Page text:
“The people were really receptive of me,” she said. “I wasn’t fluent in Spanish by any means, but people were very friendly, and I found it very easy to get along with everyone there. I felt like it was my community.”

The steady flow of volunteer teams has had an impact beyond helping Bonderer and his team near completion of the project in San Luis Talpa and begin to look for new opportunities to help families; it also has kept fresh ideas and perspective coming.

“We’ve had a lot of real positive experiences with Serve Beyond Cincinnati and the other groups,” Bonderer said. “It’s been a real boost to me and my family. Having those young kids is truly special. It kinda keeps me in tune with what’s going on. They’ve been exposed to a lot of new ideas and ways of doing things, and that’s good for us.”

That’s a transaction that works both ways, Long said.

“I learned a lot from him while I was there,” she said of Bonderer. “He has such a unique perspective on ways to handle things or ways to work with groups. I think it’s always refreshing to see a unique perspective and see how someone else thinks. And especially with Michael, it’s a side I haven’t seen before.”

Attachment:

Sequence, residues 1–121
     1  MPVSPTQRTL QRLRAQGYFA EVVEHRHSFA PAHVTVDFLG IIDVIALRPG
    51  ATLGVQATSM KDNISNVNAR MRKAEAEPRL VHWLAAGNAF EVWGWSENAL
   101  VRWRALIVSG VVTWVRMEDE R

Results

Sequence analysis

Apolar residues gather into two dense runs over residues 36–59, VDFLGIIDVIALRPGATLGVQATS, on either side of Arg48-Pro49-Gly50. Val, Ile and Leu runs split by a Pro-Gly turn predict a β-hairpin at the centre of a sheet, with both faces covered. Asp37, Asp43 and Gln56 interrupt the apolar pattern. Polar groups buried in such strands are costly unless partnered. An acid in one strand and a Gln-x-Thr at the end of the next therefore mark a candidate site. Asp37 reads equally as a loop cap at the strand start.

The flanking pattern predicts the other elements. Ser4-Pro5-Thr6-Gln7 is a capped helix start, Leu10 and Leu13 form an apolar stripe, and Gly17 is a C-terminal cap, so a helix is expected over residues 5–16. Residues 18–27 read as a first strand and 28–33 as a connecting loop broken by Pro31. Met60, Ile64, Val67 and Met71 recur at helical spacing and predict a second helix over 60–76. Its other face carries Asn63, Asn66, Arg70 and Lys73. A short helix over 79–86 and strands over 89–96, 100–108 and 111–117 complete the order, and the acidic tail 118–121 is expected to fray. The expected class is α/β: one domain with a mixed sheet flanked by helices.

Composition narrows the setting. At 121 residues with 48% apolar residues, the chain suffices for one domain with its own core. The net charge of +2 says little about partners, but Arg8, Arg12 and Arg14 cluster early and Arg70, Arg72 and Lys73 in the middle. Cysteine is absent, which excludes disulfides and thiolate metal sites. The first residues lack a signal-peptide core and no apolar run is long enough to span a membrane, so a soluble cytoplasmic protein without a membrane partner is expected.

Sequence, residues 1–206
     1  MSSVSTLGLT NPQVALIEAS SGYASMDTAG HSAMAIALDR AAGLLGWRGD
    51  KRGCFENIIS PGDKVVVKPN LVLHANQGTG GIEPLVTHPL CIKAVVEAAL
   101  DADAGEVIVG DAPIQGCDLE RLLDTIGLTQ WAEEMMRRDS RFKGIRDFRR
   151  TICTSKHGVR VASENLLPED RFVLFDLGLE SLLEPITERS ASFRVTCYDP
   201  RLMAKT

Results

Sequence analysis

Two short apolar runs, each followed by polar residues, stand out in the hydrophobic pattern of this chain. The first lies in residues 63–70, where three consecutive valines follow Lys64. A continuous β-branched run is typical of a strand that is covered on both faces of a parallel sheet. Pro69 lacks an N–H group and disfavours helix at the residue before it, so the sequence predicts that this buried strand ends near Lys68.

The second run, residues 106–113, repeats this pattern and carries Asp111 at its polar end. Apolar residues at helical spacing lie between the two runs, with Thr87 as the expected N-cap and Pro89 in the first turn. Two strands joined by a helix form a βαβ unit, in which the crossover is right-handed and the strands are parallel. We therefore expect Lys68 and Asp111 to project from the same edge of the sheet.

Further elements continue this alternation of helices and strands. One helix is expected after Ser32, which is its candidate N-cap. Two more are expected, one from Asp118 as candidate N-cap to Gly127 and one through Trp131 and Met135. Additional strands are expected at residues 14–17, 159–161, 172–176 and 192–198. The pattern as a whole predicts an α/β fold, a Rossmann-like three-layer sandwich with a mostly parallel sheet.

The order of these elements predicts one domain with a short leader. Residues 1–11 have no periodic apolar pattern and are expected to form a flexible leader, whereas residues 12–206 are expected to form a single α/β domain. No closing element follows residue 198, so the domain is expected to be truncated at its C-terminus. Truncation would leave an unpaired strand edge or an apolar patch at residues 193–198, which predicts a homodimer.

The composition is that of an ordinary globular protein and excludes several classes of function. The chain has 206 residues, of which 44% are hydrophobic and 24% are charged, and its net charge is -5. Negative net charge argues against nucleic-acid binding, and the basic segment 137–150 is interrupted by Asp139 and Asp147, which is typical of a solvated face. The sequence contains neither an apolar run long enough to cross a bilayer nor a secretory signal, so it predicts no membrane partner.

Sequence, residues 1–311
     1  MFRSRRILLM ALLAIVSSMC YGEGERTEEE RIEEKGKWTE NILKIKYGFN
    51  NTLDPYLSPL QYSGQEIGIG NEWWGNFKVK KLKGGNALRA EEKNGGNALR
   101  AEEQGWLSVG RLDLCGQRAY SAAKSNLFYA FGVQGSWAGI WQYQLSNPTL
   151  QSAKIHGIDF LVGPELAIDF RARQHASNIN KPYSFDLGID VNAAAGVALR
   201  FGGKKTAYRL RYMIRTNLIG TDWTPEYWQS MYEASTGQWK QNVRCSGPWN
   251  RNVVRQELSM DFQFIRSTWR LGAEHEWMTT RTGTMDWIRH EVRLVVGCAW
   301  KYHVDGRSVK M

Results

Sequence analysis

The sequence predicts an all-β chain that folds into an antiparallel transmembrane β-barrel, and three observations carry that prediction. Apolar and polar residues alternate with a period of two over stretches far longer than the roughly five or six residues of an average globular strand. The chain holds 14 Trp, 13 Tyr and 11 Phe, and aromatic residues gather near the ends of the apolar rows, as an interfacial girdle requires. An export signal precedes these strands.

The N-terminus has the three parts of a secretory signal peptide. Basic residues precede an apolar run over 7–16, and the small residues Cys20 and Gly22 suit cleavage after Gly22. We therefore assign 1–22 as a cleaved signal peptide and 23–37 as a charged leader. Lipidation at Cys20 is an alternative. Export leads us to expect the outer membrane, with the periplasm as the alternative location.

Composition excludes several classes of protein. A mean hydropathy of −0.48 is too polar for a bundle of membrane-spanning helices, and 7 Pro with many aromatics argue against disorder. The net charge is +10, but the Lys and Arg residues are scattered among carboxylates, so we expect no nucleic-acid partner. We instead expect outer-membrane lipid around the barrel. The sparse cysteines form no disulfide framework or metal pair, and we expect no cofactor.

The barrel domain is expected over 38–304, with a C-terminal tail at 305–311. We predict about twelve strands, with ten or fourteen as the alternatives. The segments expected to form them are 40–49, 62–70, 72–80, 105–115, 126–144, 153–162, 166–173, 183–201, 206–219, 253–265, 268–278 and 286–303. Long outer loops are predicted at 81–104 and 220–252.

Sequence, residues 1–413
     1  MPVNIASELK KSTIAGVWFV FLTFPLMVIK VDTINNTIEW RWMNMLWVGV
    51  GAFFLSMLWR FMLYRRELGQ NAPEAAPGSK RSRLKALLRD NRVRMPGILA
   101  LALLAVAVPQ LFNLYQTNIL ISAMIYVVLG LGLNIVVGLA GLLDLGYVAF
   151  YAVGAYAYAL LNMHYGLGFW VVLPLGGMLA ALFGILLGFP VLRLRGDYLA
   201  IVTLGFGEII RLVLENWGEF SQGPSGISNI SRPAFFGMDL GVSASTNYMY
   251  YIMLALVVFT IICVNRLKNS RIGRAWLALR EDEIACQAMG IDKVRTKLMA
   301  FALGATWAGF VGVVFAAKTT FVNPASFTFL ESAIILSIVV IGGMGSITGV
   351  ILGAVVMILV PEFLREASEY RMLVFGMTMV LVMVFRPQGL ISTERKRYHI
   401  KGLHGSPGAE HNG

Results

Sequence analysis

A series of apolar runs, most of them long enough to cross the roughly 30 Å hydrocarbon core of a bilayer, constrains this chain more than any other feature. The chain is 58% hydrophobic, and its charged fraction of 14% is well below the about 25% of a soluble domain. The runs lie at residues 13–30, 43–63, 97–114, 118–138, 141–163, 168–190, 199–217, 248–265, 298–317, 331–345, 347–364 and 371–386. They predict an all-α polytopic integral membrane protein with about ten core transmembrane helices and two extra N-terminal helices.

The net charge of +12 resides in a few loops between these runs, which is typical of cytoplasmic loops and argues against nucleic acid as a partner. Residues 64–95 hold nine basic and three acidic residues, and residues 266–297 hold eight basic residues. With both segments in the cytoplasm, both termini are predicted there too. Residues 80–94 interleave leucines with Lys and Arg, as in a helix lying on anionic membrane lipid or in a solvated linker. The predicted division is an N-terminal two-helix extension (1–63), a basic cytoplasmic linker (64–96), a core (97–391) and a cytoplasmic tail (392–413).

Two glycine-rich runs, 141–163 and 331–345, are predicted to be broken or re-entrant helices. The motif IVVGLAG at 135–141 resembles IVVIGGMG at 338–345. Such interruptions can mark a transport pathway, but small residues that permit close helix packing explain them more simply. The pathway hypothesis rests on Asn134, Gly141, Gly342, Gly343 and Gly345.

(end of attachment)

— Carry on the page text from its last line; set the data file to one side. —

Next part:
Bonderer’s summation of working with the young intern was more succinct: “Lindsay’s a trip.”

Others view Bonderer as “a trip,” and Fuller Center for Housing President David Snell believes his unique personality helps the El Salvador operation thrive and remain a drawing card for volunteers.

“There is a common misconception that charitable volunteers are a bunch of goody-two-shoes types who might not fit in well at a really fun event,” said Fuller Center President David Snell. “A stop at any Fuller Center project will show how faulty this perception is, especially if that project is in El Salvador. Our man on the ground there, Michael Bonderer, is a study in contrasts. He wraps his deep spirituality and sense of mission in a very human package, making him not only an inspirational leader but also an approachable friend.”


When Iafigliola visited San Luis Talpa, he did so with a group that plans to start a second Fuller Center covenant partner in El Salvador’s westernmost city, Ahuachapan. There, the plan has been to do what is known as “in-fill housing,” where the covenant partner would build houses in various locations where needy families own their own land.

But when the group saw the community that Bonderer’s team, residents and Fuller Center volunteers have managed to build in San Luis Talpa, the plan became subject to change.

“It’s like their whole mind-set changed,” Iafigliola said. “They were inspired. They said, ‘This is what we need to do where we’re at!’ They’re still going to start with in-fill, but now they kind of have this new vision and goal for down there in their part of the country.”